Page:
Tuesday, January 23, 2018

Time Management Tuesday: When To-Do Lists Go Bad

I'm a big fan of to-do lists. I've been keeping a serious weekly to-do list for years, and I occasionally supplement it with other lists. I tend to feel that if I want to be sure to get something done, I should put it on a list.

But just writing things down on a piece of paper, one item after another instead of in a paragraph, won't necessarily provide you with a to-do list that will get you anywhere. Melissa Thompson explains why in 2018 Is Your Year For Avoiding These 6 To-Do List Mistakes.

How Writers Can Make Mistakes With To-Do Lists

  1. You Put Too Many Things On The List. Overwhelm. Few people deal well with that. And, remember, we're most likely to experience failures of willpower when we feel bad about ourselves, for things like not getting everything done on our to-do lists. Less. My word for the year is less.
  2.  You Don't Plan For Interruptions. For instance, your editor gets back to you with content editing and that is the end of the new work you were getting started on. Or you suddenly hear of an opportunity to submit work, but the submission, itself, requires some unexpected work when your to-do list says you're supposed to be doing marketing. Or you're suddenly dealing with a problem with the pharmacy or a medical bill you think you already paid or a family who is sick. I don't see how you can plan for these things. Unless you go back to Item 1 and don't have your to-do list jammed packed in the first place.
  3.  You Don't Prioritize. Writers have an array of tasks these days. Which one is the most important? That's easy, right. Writing, of course. Not always. It's all situational, lads and lasses. Research may be a priority one day. Marketing another. Editing. Teaching. Appearances. You have to constantly be changing your priorities. Sad to say, you can't pick one and create a long-term habit.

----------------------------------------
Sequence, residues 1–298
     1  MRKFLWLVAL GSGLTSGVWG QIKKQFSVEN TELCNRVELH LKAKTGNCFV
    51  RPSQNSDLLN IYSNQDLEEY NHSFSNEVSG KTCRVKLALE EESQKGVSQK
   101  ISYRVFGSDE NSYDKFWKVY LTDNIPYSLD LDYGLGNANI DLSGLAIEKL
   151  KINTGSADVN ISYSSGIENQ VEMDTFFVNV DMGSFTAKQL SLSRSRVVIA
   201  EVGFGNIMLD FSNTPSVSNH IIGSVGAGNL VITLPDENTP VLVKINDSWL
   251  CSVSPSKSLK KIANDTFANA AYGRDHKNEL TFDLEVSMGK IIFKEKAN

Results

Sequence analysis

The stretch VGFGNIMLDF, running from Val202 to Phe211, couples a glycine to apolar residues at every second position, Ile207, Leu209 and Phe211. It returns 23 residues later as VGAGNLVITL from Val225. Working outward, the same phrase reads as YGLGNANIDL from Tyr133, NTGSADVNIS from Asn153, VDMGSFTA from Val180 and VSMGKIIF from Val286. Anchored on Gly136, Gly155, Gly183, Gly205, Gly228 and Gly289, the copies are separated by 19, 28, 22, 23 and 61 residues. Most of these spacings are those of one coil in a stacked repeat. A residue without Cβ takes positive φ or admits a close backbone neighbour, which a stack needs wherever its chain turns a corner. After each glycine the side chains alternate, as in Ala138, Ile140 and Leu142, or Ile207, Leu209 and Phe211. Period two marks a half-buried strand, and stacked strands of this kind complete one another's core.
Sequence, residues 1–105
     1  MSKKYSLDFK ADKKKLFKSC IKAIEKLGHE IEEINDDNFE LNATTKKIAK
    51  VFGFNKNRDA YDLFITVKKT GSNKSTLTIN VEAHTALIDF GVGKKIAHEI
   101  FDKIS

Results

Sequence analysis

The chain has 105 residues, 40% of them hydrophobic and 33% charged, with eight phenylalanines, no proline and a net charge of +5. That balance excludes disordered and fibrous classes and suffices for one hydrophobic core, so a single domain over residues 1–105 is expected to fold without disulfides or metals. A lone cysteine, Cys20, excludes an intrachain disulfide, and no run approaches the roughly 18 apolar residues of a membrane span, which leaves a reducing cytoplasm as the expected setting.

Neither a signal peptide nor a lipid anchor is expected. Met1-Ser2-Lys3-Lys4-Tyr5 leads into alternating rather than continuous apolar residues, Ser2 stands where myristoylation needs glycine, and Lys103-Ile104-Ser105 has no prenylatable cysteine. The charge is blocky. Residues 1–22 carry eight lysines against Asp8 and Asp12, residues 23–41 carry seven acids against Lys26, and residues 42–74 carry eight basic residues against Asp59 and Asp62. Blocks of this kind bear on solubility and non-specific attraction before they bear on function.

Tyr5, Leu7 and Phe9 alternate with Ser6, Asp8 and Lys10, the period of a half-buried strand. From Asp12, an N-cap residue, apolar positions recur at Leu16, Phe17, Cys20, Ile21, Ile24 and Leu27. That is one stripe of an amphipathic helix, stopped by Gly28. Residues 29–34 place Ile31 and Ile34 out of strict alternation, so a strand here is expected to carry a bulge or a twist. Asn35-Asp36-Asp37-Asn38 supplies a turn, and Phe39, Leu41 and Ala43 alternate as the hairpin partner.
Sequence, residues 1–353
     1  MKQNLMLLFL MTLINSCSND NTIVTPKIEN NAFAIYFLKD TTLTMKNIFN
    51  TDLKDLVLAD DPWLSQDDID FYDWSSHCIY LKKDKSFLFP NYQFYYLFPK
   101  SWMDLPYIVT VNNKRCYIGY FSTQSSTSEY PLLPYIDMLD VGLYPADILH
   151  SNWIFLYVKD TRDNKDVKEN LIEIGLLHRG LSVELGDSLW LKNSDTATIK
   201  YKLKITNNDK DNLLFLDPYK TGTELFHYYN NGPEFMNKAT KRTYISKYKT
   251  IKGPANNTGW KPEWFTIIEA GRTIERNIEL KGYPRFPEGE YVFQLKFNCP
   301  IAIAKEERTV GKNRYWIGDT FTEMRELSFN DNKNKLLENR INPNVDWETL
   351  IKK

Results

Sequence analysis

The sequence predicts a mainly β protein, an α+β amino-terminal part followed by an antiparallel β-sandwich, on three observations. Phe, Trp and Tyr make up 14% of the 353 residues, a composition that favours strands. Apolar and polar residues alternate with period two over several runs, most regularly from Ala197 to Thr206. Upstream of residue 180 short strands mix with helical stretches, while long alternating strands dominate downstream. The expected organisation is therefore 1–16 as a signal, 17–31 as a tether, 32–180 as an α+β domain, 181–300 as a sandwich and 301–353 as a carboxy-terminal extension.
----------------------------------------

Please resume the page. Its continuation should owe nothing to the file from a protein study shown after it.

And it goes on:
4. You Don't Set Deadlines Or Estimate Time. The unit system can help with this. Whatever time segment you choose to use becomes an immediate deadline. You can assign yourself a number of units for a particular task, and there you have an estimate of time.
  5.  You Aren't Specific. This is where having objectives for your goals comes in handy. For instance, a goal of "Generate New Work" isn't very specific. The objectives for the goals are. 1. "Finish a draft of Good Women." 2. "Write food essays." 3. "Write essays using outlines created for workshop submissions." And you can get even more specific. 1. "Write food essays--draft an essay about baking pans." (Seriously. I want to do that.) 2. "Write essays using outlines created for workshop submissions--draft an essay from the procrastination submission."
Clearly, there are ways to get more bang for your buck with to-do lists.

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